A fast alternative to core plug tests for optimising injection water salinity for EOR

Research output: Chapter in Book/Report/Conference proceedingArticle in proceedingsResearchpeer-review

  • Hassenkam, Tue
  • Martin Peter Andersson
  • Emelie Kristin Margareta Hilner
  • Jesper Matthiesen
  • Sören Dobberschütz
  • Kim Nicole Dalby
  • Nicolas Emile Bovet
  • Susan Louise Svane Stipp
  • P. Salino
  • C. Reddick
  • I. R. Collins

Core tests have demonstrated that decreasing the salinity of injection water can increase oil recovery. Although recovery is enhanced by simply decreasing salt content, optimising injection water salinty would offer a clear economic advantage for several reasons. Too low salinity risks swelling of the clays which would lead to permanent reservoir damage but evidence of effectiveness at moderate salinity would offer the opportunity to dispose of produced water. The goal is to define boundary conditions so injection water salinity is high enough to prevent reservoir damage and low enough to induce the low salinity effect while keeping costs and operational requirements at a minimum. Traditional core plug testing for optimising conditions has some limitations. Each test requires a fresh sample, core testing requires sophisticated and expensive equipment, and reliable core test data requires several months because cores must be cleaned, restored and aged before the tests can begin. It is also difficult to compare data from one core with results from another because no two cores are identical, making it difficult to distinguish between effects resulting from different conditions and effects resulting from different cores. Gathering statistics is limited by the time required for each test and the fact that core material is in short supply. Thus, our aim was to explore the possibility of a cheaper, faster alternative. We developed a method that uses atomic force microscopy (AFM) to investigate the relationship between the wettability of pore surfaces and water salinity. We functionalise AFM tips with organic molecules and use them to represent tiny oil droplets of nonpolar or polar molecules and we use sand grains removed from core plugs to represent the pore walls in sandstone. We bring our "oil" close to the sand grain surface and measure the work of adhesion between the tip and the surface. Repeated "feeling" the surface with the tip produces data that can be converted to maps of adhesion and contact angle. Adhesion work is proportional to wettability and is directly correlated with the salinity of the fluid in contact with the tip and the particle surface. From our measurements, the threshold values for the onset of the low salinity response is 5,000 to 8,000 ppm, which benchmarks remarkably well with observations from core plug tests. Changing either the type of "oil" on our probe or the character of the grain surface both affect the adhesion response. From a mechanistic perspective, the correlation between salinity and adhesion provides evidence for the role of electrical double layer expansion in the low salinity response; expansion of the double layer decreases oil wettability. Because AFM experiments can be done relatively quickly on very little material, it gives the possibility of testing salinity response on samples from throughout a reservoir and for gathering statistics. Our approach provides a range of data that can be used to screen core plug testing conditions and to provide extra data that would be too time consuming or too expensive using traditional methods alone.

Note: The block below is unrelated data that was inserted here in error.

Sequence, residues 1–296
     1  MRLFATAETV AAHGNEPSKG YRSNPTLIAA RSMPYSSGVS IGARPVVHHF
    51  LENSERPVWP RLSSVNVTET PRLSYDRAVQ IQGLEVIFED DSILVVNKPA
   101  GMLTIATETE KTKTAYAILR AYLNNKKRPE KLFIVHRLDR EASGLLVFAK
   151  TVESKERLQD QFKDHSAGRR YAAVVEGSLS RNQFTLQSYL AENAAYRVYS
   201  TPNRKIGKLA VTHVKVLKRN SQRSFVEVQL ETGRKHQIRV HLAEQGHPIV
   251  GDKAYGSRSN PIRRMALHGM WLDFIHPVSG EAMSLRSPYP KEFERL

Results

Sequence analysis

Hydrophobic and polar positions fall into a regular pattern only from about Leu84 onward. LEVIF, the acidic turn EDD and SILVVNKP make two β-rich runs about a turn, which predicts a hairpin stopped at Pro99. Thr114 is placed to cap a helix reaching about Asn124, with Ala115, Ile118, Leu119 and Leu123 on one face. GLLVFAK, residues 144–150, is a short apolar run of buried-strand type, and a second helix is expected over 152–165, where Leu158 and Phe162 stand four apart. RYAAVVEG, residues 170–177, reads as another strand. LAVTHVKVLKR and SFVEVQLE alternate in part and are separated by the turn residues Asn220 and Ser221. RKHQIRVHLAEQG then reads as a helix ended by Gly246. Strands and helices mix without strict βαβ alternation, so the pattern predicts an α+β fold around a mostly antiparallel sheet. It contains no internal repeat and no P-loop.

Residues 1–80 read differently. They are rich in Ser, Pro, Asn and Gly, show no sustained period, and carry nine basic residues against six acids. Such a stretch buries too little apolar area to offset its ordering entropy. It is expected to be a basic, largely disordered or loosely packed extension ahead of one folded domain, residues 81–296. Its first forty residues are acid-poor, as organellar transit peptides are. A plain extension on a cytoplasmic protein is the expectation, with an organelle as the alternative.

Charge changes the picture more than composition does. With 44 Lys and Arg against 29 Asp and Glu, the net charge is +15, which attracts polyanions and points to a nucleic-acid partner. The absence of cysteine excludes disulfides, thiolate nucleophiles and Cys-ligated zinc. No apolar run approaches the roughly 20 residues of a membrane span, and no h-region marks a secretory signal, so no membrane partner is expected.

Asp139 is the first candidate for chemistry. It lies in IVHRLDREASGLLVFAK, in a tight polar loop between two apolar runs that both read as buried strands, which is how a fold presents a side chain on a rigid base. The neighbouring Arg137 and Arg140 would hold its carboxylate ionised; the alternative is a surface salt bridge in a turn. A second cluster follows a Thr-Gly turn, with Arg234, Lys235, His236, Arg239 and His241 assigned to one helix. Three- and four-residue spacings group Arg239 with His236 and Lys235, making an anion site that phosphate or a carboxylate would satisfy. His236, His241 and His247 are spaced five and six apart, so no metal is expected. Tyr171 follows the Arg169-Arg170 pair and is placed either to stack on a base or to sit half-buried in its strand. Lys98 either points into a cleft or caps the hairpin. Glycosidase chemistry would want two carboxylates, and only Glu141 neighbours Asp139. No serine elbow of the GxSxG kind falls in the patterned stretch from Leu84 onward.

Original languageEnglish
Title of host publicationProceedings - SPE Symposium on Improved Oil Recovery
Number of pages15
PublisherSociety of Petroleum Engineers
Publication date2014
ISBN (Print)978-1-61399-309-5
Publication statusPublished - 2014
EventSPE Improved Oil Recovery Symposium - Tulsa, Oklahoma, United States
Duration: 12 Apr 201416 Apr 2014


ConferenceSPE Improved Oil Recovery Symposium
LandUnited States
ByTulsa, Oklahoma

ID: 130987867